by Mitch Kokai
Senior Political Analyst, John Locke Foundation
Florida might as well be known as the sixth borough.
New data from the Sunshine State’s Department of Highway Safety and Motor Vehicles offers the latest glimpse of just how many New Yorkers fled south during the COVID-19 pandemic.
At least 33,565 New Yorkers exchanged their NY drivers licenses for Florida credentials between September 2020 and March 2021.
That’s a 32% increase from the same period the prior year, when 25,370 New York driver’s licenses were traded for Florida ones.
Florida officials said a major cause of migration was parents looking to get their kids back in full-time, in-person school.
The most popular three Florida counties for New York transplants for the calendar years 2019, 2020, and 2021 through April were — no surprise — the southeastern counties of Palm Beach (14,045), Broward (8,422), and Miami-Dade (8,033).
In total, for the 2019-April 2021 period, 104,960 New Yorkers made the switch — far and away leading every other state. Runner-up New Jersey came in second with 53,901. Trailing the Garden State were Georgia (48,143), Illinois (46,042), California (43,801).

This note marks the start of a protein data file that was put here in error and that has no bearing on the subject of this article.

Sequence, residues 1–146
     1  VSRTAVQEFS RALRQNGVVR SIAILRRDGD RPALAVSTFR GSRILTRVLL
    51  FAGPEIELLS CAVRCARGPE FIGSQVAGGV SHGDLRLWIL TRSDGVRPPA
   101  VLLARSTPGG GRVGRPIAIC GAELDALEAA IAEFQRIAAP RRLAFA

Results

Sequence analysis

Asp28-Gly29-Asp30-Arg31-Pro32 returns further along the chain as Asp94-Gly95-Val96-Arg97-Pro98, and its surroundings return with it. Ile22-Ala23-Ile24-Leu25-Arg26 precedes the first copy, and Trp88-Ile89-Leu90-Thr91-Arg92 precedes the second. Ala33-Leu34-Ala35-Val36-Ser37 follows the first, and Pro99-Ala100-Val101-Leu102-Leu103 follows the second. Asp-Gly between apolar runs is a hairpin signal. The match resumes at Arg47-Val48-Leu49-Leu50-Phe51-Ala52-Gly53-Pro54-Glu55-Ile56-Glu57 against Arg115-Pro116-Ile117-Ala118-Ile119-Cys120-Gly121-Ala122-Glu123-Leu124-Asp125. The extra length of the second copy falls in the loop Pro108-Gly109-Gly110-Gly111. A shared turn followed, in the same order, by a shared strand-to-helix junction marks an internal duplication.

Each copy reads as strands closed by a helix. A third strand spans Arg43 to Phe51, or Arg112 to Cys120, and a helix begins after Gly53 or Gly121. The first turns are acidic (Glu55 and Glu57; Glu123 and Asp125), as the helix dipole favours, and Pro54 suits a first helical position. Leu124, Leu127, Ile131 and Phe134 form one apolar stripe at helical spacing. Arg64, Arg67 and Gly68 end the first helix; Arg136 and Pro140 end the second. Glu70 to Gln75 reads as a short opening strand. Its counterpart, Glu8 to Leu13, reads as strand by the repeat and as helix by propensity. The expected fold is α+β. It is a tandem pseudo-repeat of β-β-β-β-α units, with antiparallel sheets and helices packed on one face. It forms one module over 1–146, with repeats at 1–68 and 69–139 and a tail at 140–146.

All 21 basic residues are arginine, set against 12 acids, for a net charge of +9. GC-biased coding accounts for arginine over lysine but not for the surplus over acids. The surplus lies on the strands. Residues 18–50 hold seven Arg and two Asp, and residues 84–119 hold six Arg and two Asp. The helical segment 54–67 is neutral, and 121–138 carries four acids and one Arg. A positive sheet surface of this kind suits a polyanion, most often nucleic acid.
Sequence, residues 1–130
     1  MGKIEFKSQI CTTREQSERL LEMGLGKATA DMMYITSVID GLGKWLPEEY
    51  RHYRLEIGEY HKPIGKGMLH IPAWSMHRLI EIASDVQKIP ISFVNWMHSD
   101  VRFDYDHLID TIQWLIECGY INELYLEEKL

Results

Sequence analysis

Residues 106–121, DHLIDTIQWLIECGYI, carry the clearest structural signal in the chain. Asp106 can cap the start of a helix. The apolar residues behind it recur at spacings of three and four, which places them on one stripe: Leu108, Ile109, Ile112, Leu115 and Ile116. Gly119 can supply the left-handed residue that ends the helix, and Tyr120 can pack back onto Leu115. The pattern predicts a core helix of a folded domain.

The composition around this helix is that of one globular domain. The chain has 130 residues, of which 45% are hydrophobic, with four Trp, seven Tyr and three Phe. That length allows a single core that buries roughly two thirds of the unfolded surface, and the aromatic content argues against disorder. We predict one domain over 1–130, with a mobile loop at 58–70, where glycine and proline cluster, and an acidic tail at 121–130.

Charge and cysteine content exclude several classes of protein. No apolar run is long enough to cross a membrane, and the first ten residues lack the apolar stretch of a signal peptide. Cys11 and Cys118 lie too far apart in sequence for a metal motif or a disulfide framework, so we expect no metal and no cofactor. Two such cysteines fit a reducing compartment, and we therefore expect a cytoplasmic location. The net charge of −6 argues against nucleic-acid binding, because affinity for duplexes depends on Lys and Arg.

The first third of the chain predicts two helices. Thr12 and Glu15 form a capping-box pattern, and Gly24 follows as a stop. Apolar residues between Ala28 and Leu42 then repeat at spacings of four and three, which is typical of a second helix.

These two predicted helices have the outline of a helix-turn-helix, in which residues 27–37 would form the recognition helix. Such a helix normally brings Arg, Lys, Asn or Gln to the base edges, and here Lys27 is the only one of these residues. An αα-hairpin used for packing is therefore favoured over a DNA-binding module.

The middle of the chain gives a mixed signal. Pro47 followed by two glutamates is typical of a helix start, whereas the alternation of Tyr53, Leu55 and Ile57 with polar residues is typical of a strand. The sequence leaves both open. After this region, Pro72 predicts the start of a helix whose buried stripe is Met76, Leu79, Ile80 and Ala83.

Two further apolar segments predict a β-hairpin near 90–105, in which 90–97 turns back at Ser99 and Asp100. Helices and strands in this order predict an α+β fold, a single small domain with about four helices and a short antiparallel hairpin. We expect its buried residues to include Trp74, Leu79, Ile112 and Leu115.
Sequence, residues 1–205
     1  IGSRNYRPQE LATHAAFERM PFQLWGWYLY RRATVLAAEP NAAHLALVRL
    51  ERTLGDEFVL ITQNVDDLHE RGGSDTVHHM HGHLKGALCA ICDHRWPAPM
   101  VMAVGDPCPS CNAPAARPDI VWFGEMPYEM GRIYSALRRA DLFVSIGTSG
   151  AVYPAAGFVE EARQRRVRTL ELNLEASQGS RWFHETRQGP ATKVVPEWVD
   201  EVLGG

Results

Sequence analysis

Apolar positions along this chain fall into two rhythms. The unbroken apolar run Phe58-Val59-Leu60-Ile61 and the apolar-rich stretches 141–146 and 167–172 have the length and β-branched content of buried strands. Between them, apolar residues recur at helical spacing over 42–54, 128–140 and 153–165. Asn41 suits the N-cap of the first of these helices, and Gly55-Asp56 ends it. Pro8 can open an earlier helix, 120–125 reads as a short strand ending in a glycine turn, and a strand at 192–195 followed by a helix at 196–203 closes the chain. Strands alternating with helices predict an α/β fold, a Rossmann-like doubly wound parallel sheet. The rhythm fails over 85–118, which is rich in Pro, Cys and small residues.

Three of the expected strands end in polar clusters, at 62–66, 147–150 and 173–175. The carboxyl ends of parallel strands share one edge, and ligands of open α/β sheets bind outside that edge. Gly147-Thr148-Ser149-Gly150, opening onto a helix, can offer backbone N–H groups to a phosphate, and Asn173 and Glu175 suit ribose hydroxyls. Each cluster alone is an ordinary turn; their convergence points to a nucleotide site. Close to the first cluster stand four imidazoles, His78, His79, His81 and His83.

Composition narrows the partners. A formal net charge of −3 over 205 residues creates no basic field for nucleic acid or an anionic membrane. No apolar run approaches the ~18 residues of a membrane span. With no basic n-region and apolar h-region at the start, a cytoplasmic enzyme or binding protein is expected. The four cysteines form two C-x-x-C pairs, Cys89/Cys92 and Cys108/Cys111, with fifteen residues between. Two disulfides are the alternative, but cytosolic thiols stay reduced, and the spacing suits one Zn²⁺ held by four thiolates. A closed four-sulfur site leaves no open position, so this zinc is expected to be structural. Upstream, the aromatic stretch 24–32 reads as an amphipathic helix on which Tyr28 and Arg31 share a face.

Florida has experienced a COVID-19-driven population boom, which the state’s Office of Economic & Demographic Research expects to continue in the near term, “supported by an apparent shift in lifestyle preferences away from the more dense urban areas found elsewhere,” according to a March report.
Perhaps the Biden administration could learn some lessons from the data.
One of President Joe Biden’s advisers expressed genuine shock over the monumental differences in how Florida, under the leadership of GOP Gov. Ron DeSantis, managed to keep its COVID-19 death and illness rates stable even though he took an ‘open the economy’ approach rather than a ‘lockdown the economy’ approach, like his blue state rivals. …
… What isn’t difficult to understand is that DeSantis, early on, took a far different approach than his New York Democratic gubernatorial colleague, Andrew Cuomo. The former moved specifically to protect the elderly and the infirm in nursing homes; the latter ordered eldercare facilities in his state to take in patients sick with COVID-19 and the result was predictable. …